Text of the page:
*Prepare an herbal tea from an herb of your choice. Chamomile, peppermint, calendula and rose hip are popular herbs for home remedies.
*Pour two cups of the herbal tea into a pan and cover it. Bring it to a boil, lower the heat and let simmer for 5 to 10 minutes.
*Stir in 11/2 cups of either sugar or honey. Let it heat until all the sugar or honey dissolves.
*Pour the syrup into an air-tight jar and store it away in the fridge.

Method #2: Here is a second method for making herbal syrups.
*Measure out 2 1/2 pounds of brown sugar into a pan. Pour on 2 cups of water.
*Stir this over low heat till all the sugar dissolves. Allow the solution to come to a boil.
*Remove the pan from the heat.
*Measure out one part herbal tincture to three parts syrup and mix thoroughly.
*Pour the syrup into an airtight jar and store it away in the fridge.
*Administer the herbal syrup to kids in doses of two teaspoons at a time, three to four times a day.

How to Make an Herbal Tincture

How to Make an Herbal Tincture

An herbal tincture is a medicinal liquid extract that is obtained from fresh or dried herbs. It is a highly-concentrated solution of therapeutic compounds in an alcoholic or non-alcoholic solvent. Tincturing is a simple, effective method to extract the medicinally-active chemicals from an herb.

Benefits of Herbal Tinctures

Tinctures are among the most popular forms of herbal medication in use today. Part of their great appeal derives from their ease of use and prolonged shelf life: once tinctured, an herb can keep up to two years while retaining its medicinal potency.

Talking about potency, tinctures are also more potent than herbal tea. According to the Australasian College of Health Sciences, one teaspoon of tincture has the medicinal potency of one cup of an herbal infusion.

Another key benefit of a tincture is that, unlike an herbal infusion, the process of tincturing extracts and preserves both water-soluble and alcohol-soluble medicinal compounds from the herbs.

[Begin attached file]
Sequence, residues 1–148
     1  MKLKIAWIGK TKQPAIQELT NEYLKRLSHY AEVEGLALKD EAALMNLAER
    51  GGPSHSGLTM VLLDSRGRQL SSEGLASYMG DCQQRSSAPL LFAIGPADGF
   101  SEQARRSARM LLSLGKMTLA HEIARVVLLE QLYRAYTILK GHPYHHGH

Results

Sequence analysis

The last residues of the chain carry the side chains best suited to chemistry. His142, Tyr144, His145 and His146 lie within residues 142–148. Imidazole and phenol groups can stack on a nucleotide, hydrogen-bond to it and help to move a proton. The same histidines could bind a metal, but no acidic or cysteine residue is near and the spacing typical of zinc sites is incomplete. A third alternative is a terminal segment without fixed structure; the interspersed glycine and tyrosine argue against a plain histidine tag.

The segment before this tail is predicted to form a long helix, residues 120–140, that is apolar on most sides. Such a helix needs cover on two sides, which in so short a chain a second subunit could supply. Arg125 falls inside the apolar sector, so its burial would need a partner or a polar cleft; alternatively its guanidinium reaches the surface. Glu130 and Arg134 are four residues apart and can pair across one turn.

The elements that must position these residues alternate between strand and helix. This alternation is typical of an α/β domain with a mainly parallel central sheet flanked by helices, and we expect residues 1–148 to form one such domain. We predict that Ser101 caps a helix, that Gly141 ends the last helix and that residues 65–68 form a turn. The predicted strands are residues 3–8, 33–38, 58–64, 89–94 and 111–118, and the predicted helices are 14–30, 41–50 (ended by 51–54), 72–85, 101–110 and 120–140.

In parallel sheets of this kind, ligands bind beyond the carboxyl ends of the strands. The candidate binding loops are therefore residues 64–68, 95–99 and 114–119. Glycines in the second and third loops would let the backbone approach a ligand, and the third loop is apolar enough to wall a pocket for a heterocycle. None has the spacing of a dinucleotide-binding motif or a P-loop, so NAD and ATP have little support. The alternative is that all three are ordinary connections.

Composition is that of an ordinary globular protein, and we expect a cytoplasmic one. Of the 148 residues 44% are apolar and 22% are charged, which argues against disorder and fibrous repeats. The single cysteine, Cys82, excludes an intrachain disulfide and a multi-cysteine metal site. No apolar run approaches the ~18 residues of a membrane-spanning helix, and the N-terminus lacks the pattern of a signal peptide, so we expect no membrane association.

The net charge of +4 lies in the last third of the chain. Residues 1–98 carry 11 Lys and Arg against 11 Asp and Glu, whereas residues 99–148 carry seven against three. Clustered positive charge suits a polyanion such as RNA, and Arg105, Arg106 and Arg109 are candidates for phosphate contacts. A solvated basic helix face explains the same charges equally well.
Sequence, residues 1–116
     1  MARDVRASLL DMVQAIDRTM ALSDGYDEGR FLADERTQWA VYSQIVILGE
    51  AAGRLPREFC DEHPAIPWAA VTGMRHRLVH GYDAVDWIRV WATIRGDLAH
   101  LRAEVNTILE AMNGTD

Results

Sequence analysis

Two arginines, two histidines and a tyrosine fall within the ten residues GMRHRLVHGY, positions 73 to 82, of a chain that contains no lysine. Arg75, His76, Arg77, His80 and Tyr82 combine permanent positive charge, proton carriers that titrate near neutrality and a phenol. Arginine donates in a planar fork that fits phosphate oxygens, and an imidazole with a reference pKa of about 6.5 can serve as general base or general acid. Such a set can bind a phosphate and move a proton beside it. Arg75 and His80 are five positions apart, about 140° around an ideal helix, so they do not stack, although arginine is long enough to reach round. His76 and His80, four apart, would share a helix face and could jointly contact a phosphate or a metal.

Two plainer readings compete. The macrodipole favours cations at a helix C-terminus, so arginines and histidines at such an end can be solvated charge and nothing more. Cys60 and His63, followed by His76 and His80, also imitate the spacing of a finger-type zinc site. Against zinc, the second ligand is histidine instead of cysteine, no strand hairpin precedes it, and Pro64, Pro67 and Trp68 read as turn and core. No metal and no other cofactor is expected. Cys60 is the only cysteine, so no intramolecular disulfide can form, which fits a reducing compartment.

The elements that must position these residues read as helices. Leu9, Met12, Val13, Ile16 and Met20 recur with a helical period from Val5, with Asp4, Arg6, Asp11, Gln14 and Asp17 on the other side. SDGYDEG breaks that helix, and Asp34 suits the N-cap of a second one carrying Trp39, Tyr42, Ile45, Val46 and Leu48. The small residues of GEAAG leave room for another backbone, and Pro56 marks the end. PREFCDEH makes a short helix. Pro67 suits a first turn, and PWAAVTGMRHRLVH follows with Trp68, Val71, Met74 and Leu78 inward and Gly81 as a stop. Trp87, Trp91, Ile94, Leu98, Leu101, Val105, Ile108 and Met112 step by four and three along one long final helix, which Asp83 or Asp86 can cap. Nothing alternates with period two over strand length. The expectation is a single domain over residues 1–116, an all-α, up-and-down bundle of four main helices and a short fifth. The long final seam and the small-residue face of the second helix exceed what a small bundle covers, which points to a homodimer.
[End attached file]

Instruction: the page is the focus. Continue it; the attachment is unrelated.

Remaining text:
Fresh or Dried Herbs

An herbal tincture can made from either fresh or dried herbs. However, fresh herbs are preferred for maximum potency. If you cannot get fresh herbs, try to purchase high quality, organic herbs from a reliable supplier.

If you are using fresh herbs, clean and sort through them to discard any yellow, moldy or rotting parts. Chop up the fresh herbs, which will help to open up the cell walls to the alcohol, and also speeds up the tincturing process. Work quickly so as not to let freshly-chopped or macerated herbs sit out too long. The medicinal compounds oxidize fast, which results in a less potent tincture.

According to Rosemary Gladstar, a good ratio of herb material to alcohol is:

  • 1 part herb to 3 parts alcohol for fresh material
  • 1 part herb to 5 parts alcohol for dried herb

Avoid using powdered herbs for your tincture. The powder may be difficult to filter out at the end of the process, and will settle at the bottom of your final product.

Tincture Solvents

Alcohol, vinegar and vegetable glycerin are the most commonly used liquids for preparing tinctures. They not only serve as a solvent that extracts the active chemical constituents in herbal material, but also act as a preservative. The liquid you use for tincturing is called the menstruum.

Alcohol, such as vodka, brandy and rum, is the most popular and effective solvent for tincturing, writes the Australasian College of Health Sciences.  The recommended strength you should use is 60- to 100-proof alcohol.

Vinegar and glycerin are used when alcohol cannot be used for religious, medical reasons or moral reasons. Ideally, you should use apple cider vinegar because it has healthy properties of its own. Keep in mind that a tincture made with vinegar will need to be refrigerated.

Tincture Containers

  • When choosing a container to make bottle your tincture in, choose glass, enamel or clay – not metal.
  • If you use glass make sure that it is a dark-colored glass bottle, which will protect your tincture from sunlight.
  • A wide-mouthed bottle works well for the tincturing process, while a narrow-mouthed bottle is well-suited for storing and dispensing the tincture.
  • If you use vinegar as your tincturing medium, you should use a jar that has a plastic or glass cover because it reacts with metal. Sandwich a plastic bag between the jar and lid if you have to use a metal cap to prevent rust contamination.